Nevada Farm Bureau has a block of rooms at the Hilton Orlando Hotel. Contact Clay McCauley, 1-800-992-1106, if you have additional questions or concerns.

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Silent auction items needed for the 2015 NVFB Annual Meeting

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ur Annual Meeting is fast approaching on Dec. 6 through Dec. 9 in Reno. One of the great fundraisers at the event is the silent auction, benefiting our Young Farmers & Ranchers Program, Women’s Leadership Committee and Nevada Heritage Foundation. We are requesting that all counties collect silent auction items to bring to the annual meeting. Silent auction gifts

can range from gift certificates to merchandise. We are looking to collect as many items as possible to help raise funds for the three great programs. We would appreciate any items you can bring. If you would like to receive a letter to help solicit businesses, please email Jessica at jfagundes@nvfb.org. Thank you in advance for your help!

NDA to demonstrate online brand renewal at Annual Meeting

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evada Department of Agriculture will demonstrate their new online brand renewal system at the 2015 Nevada Farm Bureau Annual Meeting in Reno. Nevada livestock owners can now pay for their brand registration renewal online with a credit card or eCheck. Registered brand certificates can be printed from the website upon renewal. This new feature became available in September 2015. “Offering online services such as brand renewal allows us to pass the financial savings on to our customers and help keep those fees down,” Jim Barbee, director of the NDA said. “And it’s easy! I just renewed my brand online and it only took me a minute or two.”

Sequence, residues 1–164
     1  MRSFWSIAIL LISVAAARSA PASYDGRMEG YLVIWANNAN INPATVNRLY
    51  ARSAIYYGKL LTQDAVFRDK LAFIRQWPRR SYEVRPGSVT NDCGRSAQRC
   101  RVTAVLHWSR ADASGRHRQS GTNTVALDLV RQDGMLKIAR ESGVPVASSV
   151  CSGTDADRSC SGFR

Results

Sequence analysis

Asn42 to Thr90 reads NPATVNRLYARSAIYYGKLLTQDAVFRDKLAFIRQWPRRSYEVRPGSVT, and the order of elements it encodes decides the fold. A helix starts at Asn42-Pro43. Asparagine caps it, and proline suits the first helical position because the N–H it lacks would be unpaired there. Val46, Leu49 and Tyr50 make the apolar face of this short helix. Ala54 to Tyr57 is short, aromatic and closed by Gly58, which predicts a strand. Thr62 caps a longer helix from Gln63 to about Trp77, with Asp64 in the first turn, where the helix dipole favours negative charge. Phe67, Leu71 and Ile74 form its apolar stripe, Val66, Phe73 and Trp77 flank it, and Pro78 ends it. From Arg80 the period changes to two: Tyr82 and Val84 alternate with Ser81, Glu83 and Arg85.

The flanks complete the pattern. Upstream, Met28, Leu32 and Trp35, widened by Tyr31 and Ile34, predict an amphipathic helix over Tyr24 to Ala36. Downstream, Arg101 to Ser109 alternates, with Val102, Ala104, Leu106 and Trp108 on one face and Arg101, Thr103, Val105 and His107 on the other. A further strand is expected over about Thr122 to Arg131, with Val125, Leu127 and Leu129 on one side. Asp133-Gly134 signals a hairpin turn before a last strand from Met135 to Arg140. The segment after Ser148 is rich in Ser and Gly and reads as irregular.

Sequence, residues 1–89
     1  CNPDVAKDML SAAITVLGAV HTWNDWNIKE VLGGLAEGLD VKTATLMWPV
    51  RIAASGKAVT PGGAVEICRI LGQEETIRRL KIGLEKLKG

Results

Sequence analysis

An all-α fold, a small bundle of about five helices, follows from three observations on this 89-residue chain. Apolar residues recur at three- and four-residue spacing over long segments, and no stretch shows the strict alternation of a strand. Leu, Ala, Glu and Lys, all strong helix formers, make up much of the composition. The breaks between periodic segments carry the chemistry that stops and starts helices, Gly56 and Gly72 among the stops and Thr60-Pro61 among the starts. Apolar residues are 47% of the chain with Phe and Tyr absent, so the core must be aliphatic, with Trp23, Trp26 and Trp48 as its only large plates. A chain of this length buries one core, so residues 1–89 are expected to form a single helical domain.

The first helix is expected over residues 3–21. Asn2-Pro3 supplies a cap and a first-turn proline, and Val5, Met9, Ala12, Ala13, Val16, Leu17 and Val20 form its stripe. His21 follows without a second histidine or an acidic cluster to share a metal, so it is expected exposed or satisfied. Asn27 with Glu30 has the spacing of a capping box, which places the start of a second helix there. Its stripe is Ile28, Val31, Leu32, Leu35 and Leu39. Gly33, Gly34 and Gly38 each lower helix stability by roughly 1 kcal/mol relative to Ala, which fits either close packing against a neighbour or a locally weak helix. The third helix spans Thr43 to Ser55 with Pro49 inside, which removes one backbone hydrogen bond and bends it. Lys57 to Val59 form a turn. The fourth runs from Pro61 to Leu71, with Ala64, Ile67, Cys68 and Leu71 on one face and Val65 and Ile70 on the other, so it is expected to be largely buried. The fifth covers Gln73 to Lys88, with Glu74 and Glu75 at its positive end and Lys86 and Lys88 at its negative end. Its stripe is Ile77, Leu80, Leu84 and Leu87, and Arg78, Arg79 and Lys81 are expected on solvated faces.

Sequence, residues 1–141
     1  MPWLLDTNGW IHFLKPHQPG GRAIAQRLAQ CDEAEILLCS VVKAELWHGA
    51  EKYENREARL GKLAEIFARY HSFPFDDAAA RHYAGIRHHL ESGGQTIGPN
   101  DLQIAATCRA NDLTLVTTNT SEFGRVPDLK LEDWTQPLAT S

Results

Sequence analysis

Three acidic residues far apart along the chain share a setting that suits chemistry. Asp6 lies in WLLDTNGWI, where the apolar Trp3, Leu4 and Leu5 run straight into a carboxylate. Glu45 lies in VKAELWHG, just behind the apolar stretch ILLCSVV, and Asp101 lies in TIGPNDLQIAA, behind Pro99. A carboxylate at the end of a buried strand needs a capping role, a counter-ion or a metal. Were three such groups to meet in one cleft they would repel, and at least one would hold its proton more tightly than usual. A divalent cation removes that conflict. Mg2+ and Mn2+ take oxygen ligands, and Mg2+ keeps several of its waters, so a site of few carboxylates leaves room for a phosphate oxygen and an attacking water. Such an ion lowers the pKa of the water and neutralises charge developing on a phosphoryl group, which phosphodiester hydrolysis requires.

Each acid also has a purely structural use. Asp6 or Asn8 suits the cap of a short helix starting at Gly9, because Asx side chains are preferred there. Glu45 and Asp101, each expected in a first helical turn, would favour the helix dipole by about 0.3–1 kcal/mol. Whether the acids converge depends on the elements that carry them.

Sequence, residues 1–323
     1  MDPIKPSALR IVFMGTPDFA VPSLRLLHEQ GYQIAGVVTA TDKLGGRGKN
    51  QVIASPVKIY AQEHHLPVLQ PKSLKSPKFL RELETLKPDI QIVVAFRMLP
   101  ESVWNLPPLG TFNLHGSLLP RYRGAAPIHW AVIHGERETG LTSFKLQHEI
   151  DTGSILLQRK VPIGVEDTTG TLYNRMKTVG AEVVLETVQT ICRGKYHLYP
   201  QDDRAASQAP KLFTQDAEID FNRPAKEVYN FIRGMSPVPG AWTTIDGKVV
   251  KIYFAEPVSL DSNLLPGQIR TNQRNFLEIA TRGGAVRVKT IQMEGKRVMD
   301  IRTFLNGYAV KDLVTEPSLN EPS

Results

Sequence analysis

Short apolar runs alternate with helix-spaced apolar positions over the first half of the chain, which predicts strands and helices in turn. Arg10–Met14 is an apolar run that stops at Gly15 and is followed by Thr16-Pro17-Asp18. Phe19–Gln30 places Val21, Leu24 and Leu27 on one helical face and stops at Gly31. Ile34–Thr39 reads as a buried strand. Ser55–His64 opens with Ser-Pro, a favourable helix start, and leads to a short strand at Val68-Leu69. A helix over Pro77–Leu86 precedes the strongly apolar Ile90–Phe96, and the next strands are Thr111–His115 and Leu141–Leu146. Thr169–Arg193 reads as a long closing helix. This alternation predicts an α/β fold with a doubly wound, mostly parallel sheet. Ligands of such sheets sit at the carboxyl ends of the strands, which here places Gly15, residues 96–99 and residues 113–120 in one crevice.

Hands-on tutorials will be available at the NDA booth at the Nevada Cattlemen’s Association Convention on Nov. 12 through Nov. 14 in Winnemucca and at the Nevada Farm Bureau Federation Annual Meeting on Dec. 6 through Dec. 9 in Reno. Livestock owners can renew brands online now at nv.certifyag.com/renew. For more information, please contact nvbrands@agri. nv.gov or (775) 738-8076. Per Nevada Revised Statute 564.120, all Nevada livestock brands must be re-recorded at the end of each four-year period. Invoices have been issued, and all brands not renewed by Dec. 31, 2015 will expire and will be lost to record on Jan. 1, 2017.

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2/20/2015 9:36:24 AM


County Corner Check out what’s happening around the state!

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ounty Corner is a section of the Agriculture & Livestock Journal that gives counties an opportunity to share their activities. Please email us your stories at nvfarmbureau@nvfb.org or call Jessica at 775-674-4000.

CHURCHILL COUNTY

Churchill County Annual Meeting

CENTRAL NEVADA COUNTY Central Nevada Annual Meeting

President Julie Wolf leads the annual meeting in Fallon.

Attendees discuss policy during the Central Nevada County Annual Meeting.

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entral Nevada County Farm Bureau held their annual meeting Oct. 9 at the home of Bill and Joyce Hartman with 20 attendees. Esmeralda County Commissioner Ralph Keyes and Executive Vice President Clay McCauley were guest speakers. During the event, the group discussed policy and the upcoming NVFB and AFBF annual meetings, and an election of officers was held. Carl Newberry retired from Farm Bureau, Joyce Hartman was elected president, Mary Jane Zakas was elected vice president and Marion Munekiyo was reelected secretary/ treasurer. What a great event!